All throughout my childhood, I enjoyed the quintessential “North American” diet. You know, Mac n’ Cheese, chicken fingers, sloppy joes, spaghetti, and grilled cheese. Beyond the occasional trip for Chinese food, I had a pretty ho-hum food experience. And let me just say, a 1/2 inch ball of chicken covered in 2 inches of breading and slathered with an eerily glowing red sauce barely constitutes Chinese food. Sure it’s tasty, but I wouldn’t call it real Chinese. Anyway…
Living in a very small town, predominantly made up of farmers and Mennonites, made it very difficult to experience anything but the familiar. The corner grocery store sold lots of local produce, lunch meat, white bread and the typical packaged goods. Sadly, nothing much has changed… Twenty years later I still live in a small town and I am constantly astonished how only a small selection of products grace the shelves of the International Food section.
It wasn’t until 10th-grade nutrition class did I get to experience food from another culture. I vividly remember the entire class hopping on the bus and traveling 30 minutes to Classic Indian in Waterloo. I was hesitant as the wait staff marched out the samosas, vindaloo, khorma, paneer, dal and naan, and as the beautiful aromas started to invade my nostrils, I knew I had to give it a try. From that moment on I knew I wanted to build a career in food.
This dish is an example of something I wish my mom would have prepared for me as a child. It’s not too exotic, but it’s enough to give a taste of something different. What I love about this recipe is that it’s easy to prepare as a family. It also uses familiar ingredients that kids already love, like Kraft Smooth Peanut Butter (hey, it’s not just for toast!). Just a few tablespoons take this dish from “ok” to “outstanding”… it’s a serious upgrade.Print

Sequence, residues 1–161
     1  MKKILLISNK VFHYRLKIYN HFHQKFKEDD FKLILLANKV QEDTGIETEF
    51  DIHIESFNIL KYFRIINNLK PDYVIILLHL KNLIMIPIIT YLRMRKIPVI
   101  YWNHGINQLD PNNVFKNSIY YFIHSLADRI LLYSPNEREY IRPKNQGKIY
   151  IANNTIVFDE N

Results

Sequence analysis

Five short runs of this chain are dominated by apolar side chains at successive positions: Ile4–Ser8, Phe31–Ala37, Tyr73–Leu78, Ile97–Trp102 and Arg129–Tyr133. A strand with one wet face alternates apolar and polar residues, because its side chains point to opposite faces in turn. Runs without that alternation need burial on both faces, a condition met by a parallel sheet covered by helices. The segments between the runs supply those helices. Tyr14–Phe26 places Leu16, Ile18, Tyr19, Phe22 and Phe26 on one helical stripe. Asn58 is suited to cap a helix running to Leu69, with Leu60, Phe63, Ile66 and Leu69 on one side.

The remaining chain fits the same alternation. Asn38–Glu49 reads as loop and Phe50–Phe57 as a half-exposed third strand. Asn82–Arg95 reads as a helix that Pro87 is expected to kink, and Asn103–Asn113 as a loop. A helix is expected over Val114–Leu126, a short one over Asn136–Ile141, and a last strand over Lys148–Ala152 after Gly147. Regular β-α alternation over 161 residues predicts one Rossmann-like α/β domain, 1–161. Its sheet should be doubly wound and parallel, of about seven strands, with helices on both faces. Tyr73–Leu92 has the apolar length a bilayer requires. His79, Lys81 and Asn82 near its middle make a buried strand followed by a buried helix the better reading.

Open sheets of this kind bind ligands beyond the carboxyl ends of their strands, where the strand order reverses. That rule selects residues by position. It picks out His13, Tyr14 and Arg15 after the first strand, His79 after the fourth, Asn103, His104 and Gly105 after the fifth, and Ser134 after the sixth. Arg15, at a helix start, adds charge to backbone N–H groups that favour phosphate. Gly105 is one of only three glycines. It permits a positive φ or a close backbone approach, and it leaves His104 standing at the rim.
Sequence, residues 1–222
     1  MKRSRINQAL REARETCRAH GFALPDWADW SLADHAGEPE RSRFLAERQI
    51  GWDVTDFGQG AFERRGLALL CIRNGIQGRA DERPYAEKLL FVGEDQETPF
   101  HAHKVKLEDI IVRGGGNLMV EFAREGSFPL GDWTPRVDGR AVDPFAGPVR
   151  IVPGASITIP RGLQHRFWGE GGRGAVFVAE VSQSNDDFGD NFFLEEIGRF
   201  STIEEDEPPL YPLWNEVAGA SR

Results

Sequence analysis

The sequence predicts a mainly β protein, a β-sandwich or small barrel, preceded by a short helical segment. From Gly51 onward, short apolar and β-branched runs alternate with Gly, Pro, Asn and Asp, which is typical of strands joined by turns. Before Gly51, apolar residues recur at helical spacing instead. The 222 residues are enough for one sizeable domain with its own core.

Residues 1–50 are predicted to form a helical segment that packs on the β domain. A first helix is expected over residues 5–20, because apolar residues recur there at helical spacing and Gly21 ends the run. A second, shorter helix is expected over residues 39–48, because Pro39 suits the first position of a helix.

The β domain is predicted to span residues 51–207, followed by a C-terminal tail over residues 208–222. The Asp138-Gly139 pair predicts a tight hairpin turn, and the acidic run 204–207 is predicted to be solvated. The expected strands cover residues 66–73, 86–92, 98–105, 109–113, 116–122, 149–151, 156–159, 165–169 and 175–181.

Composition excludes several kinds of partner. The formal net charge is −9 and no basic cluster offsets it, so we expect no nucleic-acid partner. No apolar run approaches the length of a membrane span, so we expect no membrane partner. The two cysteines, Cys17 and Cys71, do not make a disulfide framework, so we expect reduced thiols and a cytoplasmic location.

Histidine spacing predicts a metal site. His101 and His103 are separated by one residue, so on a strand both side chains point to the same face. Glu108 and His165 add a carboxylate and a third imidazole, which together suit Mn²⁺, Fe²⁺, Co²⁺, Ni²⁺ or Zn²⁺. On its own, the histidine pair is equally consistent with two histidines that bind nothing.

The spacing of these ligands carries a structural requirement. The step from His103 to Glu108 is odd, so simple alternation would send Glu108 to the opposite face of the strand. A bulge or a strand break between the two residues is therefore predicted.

This not-so-typical tandoori-inspired dish features spices that would normally be used on chicken or grilled meats, however, in an effort to go meatless, the tandoori spice blend becomes a fragrant and flavour base for the sauce. Peanut butter adds a subtle nutty kick to this dish.
- 1 small onion, diced
- 1 clove garlic, minced
- 2 medium sweet potatoes, cut into 1/2 in cubes
- 2 tbsp Tandoori Seasoning Blend
- 2 tbsp Kraft Smooth Peanut Butter
- 1/2 cup light coconut milk
- 1 cup warm water
- 1 can low-sodium chickpeas, drained
- 1 diced roma tomato
- 2 cups basmati rice (prepared as per package directions)
- To a large non-stick frying pan over medium-high heat add onions and garlic. Cook for 2-3 minutes until tender.
- Add sweet potatoes, Tandoori seasoning and your Kraft Smooth Peanut Butter; stir for 1 minute, or until seasoning becomes fragrant and peanut butter is melted.
- Add coconut milk and cook until sauce is slightly thickened, about 3-5 minutes.
- Add warm water and bring to a boil. Reduce heat to medium and allow to simmer for 10-15 minutes, or until sweet potatoes can be easily pierced with a fork.
- Add chickpeas and tomato. Gentry stir to combine. Continue to simmer 3-5 minutes or until chickpeas are heated through.
- Spoon over cooked basmati rice and serve with a side of garlic naan.
Keywords: Tandoori Sweet Potatoes, Tandoori Sweet Potatoes, Peanut Butter Tandoori
I know it might sound odd to add peanut butter to savoury dishes, but I’ve been doing it more and more these days. From Chicken Satay to Stir-Fry, Kraft Peanut Butter makes it easy for you and your family to make together, stick together.
And just when you thought it couldn’t get any crazier around here (I mean putting peanut butter in this recipe might seem way bizaro to you), I have a burger recipe that also features Kraft Peanut Butter. Say whaaat?! Stay tuned!
For more recipes that celebrate the versatility of Kraft Peanut Butter visit sticktogether.ca.
Disclosure: Although this post has been generously sponsored by Kraft Heinz Canada ULC , the opinions and language are my own.